Bitter-sweet victory

At the 1990 Auckland Commonwealth Games Millie Khan won the women’s singles silver medal. But her achievement proved bitter-sweet. She played in the final unaware that earlier in the day her infant grandson had died in the venue’s car-park.

Though the Commonwealth Games are still important, the world championships, which were introduced in 1966 for men and in 1973 for women, have become the greater priority. New Zealand has successfully hosted three world championships, in 1973, 1988 and 2008, and enjoyed triumphs on the green. For instance, Bill O’Neill, Gordon Jolly, Ron Buchan and Norm Lash won the world fours in 1966. Elsie Wilkie won the women’s singles in 1973 and again in 1977, while Gary Lawson, Russell Meyer, Richard Girvan and Andrew Todd, won the fours world title at Christchurch, in 2008.


The professionalisation of New Zealand bowls began in the 1980s, but it has been difficult to sustain because of the country’s small size. The sport relies on government funding through Sport New Zealand and some leading players, such as Peter Belliss, moved overseas, especially to Australia which had greater resources. Finding the right selection balance for national squads has been controversial, with some criticising the process for favouring young athletic players over older ones with greater ability and experience.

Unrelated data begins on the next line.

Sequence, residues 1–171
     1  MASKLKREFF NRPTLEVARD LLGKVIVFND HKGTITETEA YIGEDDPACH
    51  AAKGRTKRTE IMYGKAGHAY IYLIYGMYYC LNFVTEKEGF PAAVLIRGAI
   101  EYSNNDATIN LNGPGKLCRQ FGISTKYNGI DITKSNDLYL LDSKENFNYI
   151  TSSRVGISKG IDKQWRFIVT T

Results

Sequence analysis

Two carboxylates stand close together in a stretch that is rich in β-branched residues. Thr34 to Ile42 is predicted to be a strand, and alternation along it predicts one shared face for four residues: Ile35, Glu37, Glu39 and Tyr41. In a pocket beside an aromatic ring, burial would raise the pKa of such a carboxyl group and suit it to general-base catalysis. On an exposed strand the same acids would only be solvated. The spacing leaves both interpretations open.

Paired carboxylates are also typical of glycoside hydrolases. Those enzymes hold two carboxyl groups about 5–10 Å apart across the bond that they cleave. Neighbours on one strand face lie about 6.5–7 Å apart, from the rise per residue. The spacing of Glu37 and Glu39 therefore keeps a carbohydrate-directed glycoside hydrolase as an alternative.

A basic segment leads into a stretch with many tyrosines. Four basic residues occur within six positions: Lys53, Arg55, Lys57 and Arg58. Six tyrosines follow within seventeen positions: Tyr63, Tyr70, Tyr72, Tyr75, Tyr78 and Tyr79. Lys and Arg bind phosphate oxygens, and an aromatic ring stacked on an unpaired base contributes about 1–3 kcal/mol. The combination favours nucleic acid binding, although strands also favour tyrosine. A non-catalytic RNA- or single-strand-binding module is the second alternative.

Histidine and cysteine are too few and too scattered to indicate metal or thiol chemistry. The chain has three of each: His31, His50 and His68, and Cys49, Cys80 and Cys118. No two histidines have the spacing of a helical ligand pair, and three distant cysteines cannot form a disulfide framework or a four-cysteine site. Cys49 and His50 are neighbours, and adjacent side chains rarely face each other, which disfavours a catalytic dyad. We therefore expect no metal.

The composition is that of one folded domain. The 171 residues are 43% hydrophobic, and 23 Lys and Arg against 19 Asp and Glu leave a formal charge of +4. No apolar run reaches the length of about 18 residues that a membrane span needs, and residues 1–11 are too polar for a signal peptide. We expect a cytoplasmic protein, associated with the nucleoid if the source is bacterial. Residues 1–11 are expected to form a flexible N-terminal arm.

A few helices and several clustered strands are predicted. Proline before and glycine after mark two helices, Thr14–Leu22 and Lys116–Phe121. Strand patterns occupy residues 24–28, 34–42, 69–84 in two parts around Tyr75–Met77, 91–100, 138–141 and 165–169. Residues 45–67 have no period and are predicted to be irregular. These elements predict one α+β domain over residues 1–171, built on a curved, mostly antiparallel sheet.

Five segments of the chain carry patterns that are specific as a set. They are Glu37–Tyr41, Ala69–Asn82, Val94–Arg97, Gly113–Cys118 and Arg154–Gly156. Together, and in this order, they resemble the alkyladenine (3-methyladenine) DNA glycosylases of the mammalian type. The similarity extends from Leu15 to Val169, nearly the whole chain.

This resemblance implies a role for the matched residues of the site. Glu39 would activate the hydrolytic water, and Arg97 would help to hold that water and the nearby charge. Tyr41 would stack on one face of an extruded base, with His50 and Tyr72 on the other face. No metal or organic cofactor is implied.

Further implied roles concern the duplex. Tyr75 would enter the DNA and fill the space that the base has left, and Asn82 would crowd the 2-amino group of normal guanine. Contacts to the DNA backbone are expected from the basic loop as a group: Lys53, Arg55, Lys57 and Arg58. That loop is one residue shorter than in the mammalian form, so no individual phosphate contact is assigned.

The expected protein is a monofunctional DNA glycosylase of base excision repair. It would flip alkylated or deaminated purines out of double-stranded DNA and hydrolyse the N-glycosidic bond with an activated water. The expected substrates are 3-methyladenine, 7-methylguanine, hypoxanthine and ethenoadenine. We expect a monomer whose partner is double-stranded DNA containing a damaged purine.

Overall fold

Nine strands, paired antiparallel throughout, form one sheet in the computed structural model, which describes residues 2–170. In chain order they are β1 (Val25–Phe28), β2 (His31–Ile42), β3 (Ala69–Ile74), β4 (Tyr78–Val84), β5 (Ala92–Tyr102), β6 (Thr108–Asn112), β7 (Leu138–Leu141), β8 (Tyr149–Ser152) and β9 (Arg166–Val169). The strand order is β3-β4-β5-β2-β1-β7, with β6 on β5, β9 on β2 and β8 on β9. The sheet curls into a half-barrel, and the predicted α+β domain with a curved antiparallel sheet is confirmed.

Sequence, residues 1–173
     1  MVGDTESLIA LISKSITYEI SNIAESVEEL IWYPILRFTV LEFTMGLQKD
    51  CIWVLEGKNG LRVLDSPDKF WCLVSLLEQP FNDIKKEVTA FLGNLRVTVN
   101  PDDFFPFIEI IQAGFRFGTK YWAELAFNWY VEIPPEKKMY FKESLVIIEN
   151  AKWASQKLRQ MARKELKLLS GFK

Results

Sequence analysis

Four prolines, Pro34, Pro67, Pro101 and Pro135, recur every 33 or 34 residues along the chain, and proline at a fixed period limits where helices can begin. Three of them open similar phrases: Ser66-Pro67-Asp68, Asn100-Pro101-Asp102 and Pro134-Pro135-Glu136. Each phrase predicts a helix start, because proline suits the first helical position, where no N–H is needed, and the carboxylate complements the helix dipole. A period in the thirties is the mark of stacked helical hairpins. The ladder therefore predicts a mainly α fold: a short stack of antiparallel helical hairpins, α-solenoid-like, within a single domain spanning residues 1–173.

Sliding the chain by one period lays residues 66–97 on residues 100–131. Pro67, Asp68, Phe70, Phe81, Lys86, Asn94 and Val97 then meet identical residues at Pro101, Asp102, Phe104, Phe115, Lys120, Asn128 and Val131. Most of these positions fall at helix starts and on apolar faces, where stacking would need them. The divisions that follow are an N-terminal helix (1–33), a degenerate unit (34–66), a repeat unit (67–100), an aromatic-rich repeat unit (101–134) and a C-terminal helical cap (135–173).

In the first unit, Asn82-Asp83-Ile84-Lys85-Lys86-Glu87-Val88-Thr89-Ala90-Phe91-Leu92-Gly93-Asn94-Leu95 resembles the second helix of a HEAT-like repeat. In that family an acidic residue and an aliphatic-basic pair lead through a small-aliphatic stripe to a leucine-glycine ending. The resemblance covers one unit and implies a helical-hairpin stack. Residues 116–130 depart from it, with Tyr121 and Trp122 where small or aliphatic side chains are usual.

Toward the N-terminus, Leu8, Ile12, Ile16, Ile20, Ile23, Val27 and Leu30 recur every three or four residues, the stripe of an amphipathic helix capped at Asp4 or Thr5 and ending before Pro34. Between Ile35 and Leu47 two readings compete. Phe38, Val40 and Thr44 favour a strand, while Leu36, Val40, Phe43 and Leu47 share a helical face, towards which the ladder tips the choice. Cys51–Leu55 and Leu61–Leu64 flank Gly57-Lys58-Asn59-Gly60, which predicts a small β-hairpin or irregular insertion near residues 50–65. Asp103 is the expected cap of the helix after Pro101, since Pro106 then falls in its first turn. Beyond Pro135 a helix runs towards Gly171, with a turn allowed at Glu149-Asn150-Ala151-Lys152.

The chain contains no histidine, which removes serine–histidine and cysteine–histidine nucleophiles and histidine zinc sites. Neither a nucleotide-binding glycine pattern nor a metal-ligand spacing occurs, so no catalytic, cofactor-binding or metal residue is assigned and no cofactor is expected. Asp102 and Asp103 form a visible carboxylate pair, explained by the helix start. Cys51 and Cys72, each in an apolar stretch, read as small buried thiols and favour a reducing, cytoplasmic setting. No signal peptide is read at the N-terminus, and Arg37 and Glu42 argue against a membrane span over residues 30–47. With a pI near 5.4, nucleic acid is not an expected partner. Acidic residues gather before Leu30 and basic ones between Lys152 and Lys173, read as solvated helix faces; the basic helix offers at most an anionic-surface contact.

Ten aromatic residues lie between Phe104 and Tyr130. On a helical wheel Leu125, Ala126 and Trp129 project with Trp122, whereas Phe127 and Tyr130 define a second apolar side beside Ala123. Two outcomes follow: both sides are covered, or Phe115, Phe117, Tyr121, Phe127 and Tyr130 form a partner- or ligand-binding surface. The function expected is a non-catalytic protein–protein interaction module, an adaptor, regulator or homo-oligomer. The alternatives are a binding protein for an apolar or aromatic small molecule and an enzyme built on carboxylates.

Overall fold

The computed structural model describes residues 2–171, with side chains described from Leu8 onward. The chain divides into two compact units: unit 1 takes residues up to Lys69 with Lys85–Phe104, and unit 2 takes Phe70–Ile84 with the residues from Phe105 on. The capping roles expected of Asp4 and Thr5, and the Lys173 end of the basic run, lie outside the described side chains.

Falling membership

At the peak of the sport’s popularity between the 1960s and 1980s there were more than 60,000 registered male bowlers alone. In 2012 the total for both male and female registered players was 44,000. As with other New Zealand sports, bowls has been affected by changing employment and recreational patterns, such as weekend work and expanded shopping hours.

With fewer people picking up the sport, many clubs have merged or closed. The sport has also suffered from being stereotyped as a pursuit for older people. Bowls New Zealand has tried to counter this image and the falling numbers by recruiting new talent in secondary schools and encouraging clubs to cater for casual players at twilight ‘crackerjack’ promotions.


Indoor bowls

The game